Author's School

Graduate School of Arts & Sciences

Author's Department/Program



English (en)

Date of Award


Degree Type


Degree Name

Doctor of Philosophy (PhD)

Chair and Committee

Vladimir Birman


Neutral Lewis bases, such as 4-(dimethylamino)pyridine and N-methylimidazole, are widely used as acyl transfer catalysts. In contrast, anionic nucleophiles have been little explored in acyl transfer catalysis, although their high nucleophilicity may enable unique applications. In the course of my studies, 1,2,4-triazole anion was found to be an effective acyl transfer catalyst in both aminolysis and transesterification reactions. These findings pave the way to designing asymmetric anionic acyl transfer catalysts, which may be useful, e.g., for catalytic kinetic resolution of chiral amines.

From 2003 to 2009, our group developed four generations of amidine-based enantioselective acyl transfer catalysts(ABCs) and applied them successfully to the kinetic resolution of chiral alcohols. Compared with chiral alcohols, the kinetic resolution of chiral acyl donors is more complicated and far less developed. In my study, a new method for the catalytic kinetic resolution of racemic &alpha-substituted carboxylic acids was devised by using ABCs. Subsequently, we developed related methods that proved to be suitable for the dynamic kinetic resolution of azlactones and &alpha-thiosubstituted carboxylic acids. The transition-state models were proposed and studied by computational methods.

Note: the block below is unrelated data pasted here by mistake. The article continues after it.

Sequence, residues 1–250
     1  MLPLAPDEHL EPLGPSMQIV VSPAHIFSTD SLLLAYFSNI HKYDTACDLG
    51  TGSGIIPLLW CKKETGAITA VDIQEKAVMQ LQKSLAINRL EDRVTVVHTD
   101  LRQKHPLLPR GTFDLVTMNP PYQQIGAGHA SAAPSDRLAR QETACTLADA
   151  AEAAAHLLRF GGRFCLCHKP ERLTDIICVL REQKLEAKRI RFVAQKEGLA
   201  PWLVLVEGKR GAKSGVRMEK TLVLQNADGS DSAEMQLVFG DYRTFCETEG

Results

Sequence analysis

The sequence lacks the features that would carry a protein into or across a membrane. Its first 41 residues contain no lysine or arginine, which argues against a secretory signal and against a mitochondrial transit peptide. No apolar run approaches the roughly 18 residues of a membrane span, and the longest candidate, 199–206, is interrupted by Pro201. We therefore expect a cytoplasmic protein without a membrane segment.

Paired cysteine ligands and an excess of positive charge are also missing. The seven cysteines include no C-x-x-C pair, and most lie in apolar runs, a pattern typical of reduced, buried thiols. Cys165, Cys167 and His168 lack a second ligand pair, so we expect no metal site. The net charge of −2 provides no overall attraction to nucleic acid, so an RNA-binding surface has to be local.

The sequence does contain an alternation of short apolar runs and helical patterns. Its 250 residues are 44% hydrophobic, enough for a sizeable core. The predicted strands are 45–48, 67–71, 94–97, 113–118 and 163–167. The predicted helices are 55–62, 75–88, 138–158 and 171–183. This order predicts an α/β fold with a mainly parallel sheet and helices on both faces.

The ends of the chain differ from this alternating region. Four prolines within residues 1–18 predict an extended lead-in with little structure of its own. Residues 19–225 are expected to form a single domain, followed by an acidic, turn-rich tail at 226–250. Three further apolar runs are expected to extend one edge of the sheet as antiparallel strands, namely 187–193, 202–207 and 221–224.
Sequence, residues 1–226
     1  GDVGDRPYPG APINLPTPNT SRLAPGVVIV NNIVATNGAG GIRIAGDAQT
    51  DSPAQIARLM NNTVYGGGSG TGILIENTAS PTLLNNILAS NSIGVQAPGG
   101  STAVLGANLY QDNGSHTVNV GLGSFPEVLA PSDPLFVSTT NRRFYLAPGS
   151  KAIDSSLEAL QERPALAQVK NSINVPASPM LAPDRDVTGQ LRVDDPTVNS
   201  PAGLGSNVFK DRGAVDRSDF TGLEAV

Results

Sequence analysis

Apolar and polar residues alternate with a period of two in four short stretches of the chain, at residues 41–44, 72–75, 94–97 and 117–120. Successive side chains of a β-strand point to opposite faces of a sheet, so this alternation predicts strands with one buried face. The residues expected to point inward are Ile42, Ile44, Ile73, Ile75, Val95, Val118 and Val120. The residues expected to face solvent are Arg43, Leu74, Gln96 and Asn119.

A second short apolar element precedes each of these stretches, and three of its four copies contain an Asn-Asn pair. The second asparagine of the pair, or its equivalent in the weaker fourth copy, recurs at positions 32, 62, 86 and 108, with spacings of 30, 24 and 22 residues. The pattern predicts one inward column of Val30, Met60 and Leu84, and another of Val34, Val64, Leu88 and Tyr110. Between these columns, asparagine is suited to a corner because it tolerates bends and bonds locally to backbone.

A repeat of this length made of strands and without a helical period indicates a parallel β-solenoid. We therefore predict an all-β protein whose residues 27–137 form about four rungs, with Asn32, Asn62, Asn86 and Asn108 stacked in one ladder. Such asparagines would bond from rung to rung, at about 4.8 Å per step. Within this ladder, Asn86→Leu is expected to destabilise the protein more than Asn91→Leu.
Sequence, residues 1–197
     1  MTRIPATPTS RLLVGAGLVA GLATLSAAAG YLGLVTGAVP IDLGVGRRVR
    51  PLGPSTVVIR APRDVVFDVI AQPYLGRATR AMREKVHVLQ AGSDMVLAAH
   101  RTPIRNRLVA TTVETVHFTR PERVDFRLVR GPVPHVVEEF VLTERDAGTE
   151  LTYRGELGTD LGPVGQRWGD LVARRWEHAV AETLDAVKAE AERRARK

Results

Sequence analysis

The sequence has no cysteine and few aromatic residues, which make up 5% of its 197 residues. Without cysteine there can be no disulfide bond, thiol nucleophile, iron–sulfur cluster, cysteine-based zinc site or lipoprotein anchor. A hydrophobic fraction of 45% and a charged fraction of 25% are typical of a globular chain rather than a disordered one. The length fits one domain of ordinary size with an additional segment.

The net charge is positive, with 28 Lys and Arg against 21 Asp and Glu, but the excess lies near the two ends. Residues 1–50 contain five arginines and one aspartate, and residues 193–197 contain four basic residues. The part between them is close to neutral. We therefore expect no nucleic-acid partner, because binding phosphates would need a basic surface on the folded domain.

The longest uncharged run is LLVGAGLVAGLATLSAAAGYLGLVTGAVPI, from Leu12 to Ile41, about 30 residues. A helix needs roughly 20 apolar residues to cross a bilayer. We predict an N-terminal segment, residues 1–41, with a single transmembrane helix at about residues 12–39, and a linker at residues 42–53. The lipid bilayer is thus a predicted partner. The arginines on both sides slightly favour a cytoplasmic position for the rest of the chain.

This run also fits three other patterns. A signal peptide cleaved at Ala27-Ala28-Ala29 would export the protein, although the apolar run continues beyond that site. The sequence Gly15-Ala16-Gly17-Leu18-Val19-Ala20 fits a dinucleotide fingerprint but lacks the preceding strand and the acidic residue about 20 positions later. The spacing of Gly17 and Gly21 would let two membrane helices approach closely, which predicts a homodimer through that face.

As an extension of our group's earlier studies on ABC-catalyzed enantioselective N-acylation reactions, we undertook a systematic study of different types of lactams and thiolactams. The substrate structure-reactivity relationship was studied both experimentally and computationally. A transition state model proposed to explain the origin of the enantioselectivity was supported by computational studies.


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